Arrests highlight Montenegro's efforts against corruption

01/04/2014

Officials said the resolve is there, but experts said stronger anti-corruption efforts are needed.

By Drazen Remikovic for Southeast European Times in Budva -- 01/04/14

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The coastal towns of Montenegro, including Budva and Kotor, are targets for organised crime and corruption. [AFP]

The recent arrests of high-ranking officials in Budva are positive signals that Montenegro is making a concerted effort to prosecute corruption cases, experts said.

Montenegrin police arrested Budva Mayor Lazar Radjenovic last month on suspicion of abuse of office.

The charges stem from a 2007 bank loan for 2 million euros to the private company Luna, which Radjenovic backed with a state guarantee. Police said the loan was used to purchase 26,000 square metres of state land in Kosljun, and has not been repaid. The bank's receivables were collected from the municipality.

Aleksandar Ticic, the privatisation adviser to Prime Minister Milo Djukanovic, and Jelica Petricevic, the deputy director of Prva Bank, were also arrested last month. All three remain in custody.

Andrija Pejovic, Montenegro's chief EU negotiator said the arrests confirm the country's political will to end corruption and organised crime.

"These arrests are not the beginning, this is a continuation of a serious work," Pejovic told SETimes. "So far, Montenegro has adopted several laws to prevent corruption. With these laws, Montenegro will establish a state agency for anti-corruption. Also, we will form a special prosecutor's office that will deal with corruption and organised crime and that will have a stronger repressive influence."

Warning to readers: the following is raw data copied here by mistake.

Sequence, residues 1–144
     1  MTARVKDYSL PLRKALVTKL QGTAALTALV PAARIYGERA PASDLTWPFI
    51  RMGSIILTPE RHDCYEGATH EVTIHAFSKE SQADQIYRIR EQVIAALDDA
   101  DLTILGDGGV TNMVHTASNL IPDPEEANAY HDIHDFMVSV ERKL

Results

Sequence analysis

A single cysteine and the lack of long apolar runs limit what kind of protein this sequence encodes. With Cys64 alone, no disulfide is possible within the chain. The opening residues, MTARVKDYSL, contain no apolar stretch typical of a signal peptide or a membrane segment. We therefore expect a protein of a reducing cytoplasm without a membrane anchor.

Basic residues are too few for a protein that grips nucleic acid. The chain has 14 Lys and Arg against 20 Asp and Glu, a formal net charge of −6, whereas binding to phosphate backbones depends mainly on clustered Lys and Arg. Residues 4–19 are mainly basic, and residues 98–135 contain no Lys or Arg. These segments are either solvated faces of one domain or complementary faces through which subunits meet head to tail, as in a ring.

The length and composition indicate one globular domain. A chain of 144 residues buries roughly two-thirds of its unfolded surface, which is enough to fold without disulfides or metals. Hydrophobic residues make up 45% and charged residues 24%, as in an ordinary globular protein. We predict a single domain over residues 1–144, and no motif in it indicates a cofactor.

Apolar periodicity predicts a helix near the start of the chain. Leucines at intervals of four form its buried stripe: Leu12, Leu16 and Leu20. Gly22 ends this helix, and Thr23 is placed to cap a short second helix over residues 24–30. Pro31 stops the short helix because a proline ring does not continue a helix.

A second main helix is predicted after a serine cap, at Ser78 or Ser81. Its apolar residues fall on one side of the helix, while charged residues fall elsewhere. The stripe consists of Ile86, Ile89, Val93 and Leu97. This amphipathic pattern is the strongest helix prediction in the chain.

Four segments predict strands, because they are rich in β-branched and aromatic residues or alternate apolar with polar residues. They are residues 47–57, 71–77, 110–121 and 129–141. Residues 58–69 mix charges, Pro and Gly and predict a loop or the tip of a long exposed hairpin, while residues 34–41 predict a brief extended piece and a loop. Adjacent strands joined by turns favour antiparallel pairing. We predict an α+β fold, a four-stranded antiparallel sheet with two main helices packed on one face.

The 2013 EU progress report on Montenegro repeated that widespread corruption remains a major concern for Brussels. In December 2013, Montenegro officially opened negotiations in EU Chapters 23 and 24, which include efforts against organised crime and corruption.

The two chapters deal with the establishment of an independent and efficient judiciary, and issues such as border control, visas, external migration, asylum, police co-operation and efforts against organised crime and terrorism.

The EU's new approach to membership negotiations, which is being implemented for the first time with Montenegro, means that Chapters 23 and 24 will be kept open until the negotiations end.

Experts agree that the country has much work to do in order to meet European standards.

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"Montenegro is still at the very beginning of the fight against corruption and organised crime. We still do not have institutions capable of unbiased procedures, transparent public information or internal accountability for failures," Daliborka Uljarevic, executive director of the Centre for Civic Education in Podgorica, told SETimes.

Some Budva residents said they are aware that their city is a focal point for corruption because of its attractiveness to businesses.

"Everyone now wants to do business in Budva because the prices of the land," Rados Radusinovic, a real estate agent from Budva, told SETimes. "Apartment prices are extremely high and that is why this city became one of the top tourist destinations on the Adriatic Sea in the past several years. That is why the government needs to pay special attention on the people who are doing business here, as well as in other coastal cities."

What steps can Montenegro take to improve its anti-corruption efforts? Share your thoughts below.

This content was commissioned for SETimes.com.
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